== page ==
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The Things You Should And Shouldn’t Put On A Credit Card

A credit card just might be the ultimate frenemy. Depending on how you use it, that little piece of plastic could be a good friend or an awful enemy. There are really only two secrets to keeping that credit card a good friend. The first is to use it sensibly. The second is knowing what and what not to put on it.

Using a credit card sensiblyman holding multiple credit cards

This is relatively easy. If you want to use that credit card sensibly you need to keep the balance low and pay it off at the end of every month. What’s a low balance? That’s pretty simple, too. It’s whatever amount of money you have to pay off your card when you get your statement. How much is that? This is question that only you can answer, which means doing a little budgeting. Sit down with a spreadsheet program or a pencil and a piece of paper and list all of your expenses – both fixed and variable. Your fixed expenses would be things like your rent or mortgage payment, car payment and insurance. Your utility bill, transportation costs, clothing and entertainment would be variable expenses. When you finish your list add up everything and subtract this number from your monthly take-home pay. If you have money left over, which we hope you do, you should save some of it and then budget the rest for your credit card. Let’s say, for the sake of the example, that after you subtract your fixed and variable expenses and the money you’ve earmarked for saving you have $100 left over. This then is the balance you could afford to carry on a credit card because you would know you would be able to pay it off at the end of the month.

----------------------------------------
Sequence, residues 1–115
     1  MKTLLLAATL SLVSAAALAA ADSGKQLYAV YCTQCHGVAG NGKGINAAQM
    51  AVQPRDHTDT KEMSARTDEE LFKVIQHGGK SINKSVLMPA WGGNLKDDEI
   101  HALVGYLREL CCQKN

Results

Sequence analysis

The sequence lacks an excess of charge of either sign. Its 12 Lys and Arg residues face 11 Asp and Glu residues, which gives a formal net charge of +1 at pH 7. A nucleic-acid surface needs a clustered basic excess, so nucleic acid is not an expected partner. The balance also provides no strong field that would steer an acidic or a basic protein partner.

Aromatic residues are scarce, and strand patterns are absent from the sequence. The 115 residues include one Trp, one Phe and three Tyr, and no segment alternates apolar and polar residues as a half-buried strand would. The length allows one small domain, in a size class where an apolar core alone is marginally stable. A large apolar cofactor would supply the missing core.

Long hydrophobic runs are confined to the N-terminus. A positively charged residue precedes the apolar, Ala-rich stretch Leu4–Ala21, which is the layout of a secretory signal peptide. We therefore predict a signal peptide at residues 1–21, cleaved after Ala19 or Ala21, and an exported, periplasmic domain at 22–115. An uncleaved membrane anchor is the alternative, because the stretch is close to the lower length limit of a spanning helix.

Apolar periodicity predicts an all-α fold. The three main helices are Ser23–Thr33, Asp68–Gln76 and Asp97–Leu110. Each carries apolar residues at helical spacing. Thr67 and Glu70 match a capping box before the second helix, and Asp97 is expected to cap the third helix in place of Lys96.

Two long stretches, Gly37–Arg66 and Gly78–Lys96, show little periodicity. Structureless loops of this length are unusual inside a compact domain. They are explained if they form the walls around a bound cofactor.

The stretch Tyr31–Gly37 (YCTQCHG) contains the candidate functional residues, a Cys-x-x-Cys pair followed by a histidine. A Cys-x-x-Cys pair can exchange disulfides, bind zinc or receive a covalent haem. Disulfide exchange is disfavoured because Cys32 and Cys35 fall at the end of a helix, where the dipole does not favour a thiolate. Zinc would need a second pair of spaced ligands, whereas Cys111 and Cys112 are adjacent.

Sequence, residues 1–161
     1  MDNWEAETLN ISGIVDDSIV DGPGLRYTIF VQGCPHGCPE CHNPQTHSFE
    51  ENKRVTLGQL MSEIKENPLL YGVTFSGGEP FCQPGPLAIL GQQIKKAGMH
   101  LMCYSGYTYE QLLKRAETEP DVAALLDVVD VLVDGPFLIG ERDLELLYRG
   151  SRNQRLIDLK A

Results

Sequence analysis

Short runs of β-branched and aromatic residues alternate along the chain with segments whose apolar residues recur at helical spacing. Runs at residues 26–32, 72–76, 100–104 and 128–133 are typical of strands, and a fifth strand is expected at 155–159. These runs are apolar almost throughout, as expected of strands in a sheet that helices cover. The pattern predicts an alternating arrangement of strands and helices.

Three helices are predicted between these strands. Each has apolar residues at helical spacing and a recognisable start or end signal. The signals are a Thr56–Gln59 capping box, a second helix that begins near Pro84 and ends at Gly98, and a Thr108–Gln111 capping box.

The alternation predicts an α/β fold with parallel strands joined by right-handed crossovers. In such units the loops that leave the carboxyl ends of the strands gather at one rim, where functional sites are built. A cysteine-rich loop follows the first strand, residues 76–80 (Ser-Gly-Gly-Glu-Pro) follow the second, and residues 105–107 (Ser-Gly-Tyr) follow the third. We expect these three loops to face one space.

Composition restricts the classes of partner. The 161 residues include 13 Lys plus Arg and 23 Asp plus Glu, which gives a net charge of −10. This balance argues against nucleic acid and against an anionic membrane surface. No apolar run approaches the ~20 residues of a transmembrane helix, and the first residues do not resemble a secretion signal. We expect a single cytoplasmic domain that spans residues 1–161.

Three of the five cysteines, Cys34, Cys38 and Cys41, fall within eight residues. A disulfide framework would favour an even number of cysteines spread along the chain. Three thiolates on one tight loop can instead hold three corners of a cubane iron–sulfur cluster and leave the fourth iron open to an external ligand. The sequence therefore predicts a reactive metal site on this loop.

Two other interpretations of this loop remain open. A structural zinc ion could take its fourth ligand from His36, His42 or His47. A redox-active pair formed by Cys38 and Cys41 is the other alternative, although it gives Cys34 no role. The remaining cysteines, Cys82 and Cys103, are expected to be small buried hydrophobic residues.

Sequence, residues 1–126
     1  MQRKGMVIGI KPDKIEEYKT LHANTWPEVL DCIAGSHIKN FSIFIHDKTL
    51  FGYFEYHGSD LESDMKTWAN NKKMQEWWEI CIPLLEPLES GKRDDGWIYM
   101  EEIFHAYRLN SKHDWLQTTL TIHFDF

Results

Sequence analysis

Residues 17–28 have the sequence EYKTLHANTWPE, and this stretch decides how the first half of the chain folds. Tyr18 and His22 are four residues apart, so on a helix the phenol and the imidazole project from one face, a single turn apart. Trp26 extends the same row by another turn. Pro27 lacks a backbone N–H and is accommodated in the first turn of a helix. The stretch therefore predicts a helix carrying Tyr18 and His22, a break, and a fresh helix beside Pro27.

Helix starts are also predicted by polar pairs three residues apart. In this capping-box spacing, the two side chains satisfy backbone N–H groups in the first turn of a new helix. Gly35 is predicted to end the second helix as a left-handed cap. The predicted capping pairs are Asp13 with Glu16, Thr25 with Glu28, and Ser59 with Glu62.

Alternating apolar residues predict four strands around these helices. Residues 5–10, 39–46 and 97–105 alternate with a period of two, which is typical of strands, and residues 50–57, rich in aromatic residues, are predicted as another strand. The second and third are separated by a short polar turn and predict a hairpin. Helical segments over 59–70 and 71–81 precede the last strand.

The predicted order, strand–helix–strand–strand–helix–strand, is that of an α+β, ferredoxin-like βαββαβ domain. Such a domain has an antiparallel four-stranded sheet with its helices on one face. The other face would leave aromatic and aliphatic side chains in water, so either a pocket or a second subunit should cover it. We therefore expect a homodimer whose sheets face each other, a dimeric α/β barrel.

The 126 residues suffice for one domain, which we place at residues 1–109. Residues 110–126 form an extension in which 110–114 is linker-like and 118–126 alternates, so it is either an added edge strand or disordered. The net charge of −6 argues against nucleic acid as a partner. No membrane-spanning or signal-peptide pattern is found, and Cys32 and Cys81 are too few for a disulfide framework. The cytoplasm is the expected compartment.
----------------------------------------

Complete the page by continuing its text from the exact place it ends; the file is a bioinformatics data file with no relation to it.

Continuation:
The danger of carrying balances forward

Why you don’t want to carry a balance forward from month-to-month is because of the power of compounding interest. This is something else that can be either a friend or an enemy. It can be your friend when you’re saving money but an enemy when you create debt. The way it works with a credit card is that once you carry a balance forward you’ll be charged interest on it, which will be carried forward to the next month where you will again be charged interest. This means you are now paying interest on interest. That’s compounding. And it can get ugly. If you were to run up a $5000 balance on your credit card at 15% and made only a minimum payment of $112.50 it would take you 266 months to be rid of that debt and would cost you $5,729.21 in interest – or more than that original balance.

What to put on a credit card

You’ve already seen the real answer to that question, which is to put no more on that credit card than you can pay off when you get your statement. So long as you know what that number is you can put anything on that card and you should probably charge as much as possible as this then becomes a record of your spending, which you could use in your budgeting.

The one exception

The one exception to this rule of charging only what you can afford is major purchases like a washer-dryer or refrigerator. If you need to buy one of these big-ticket items and don’t have the cash available it could be okay to put it on a credit card. Just keep in mind that you will need to pay back the money, which means budgeting for it. If you were to put a $1000 item on that credit card you should budget an extra $100 or $200 a month to pay it off as quickly as possible and keep from falling victim to that old devil of compound interest.

What not to put on a credit cardWoman depressed over bills

It’s important to remember that credit card debt is unsecured debt. Many experts believe that it’s the worst way to borrow money because it typically carries a very high interest rate – much higher than a car or home loan. Plus, credit card debt is never tax deductible as is the interest you pay on a home mortgage or student loan. Given this, there are five things you should never put on a credit card.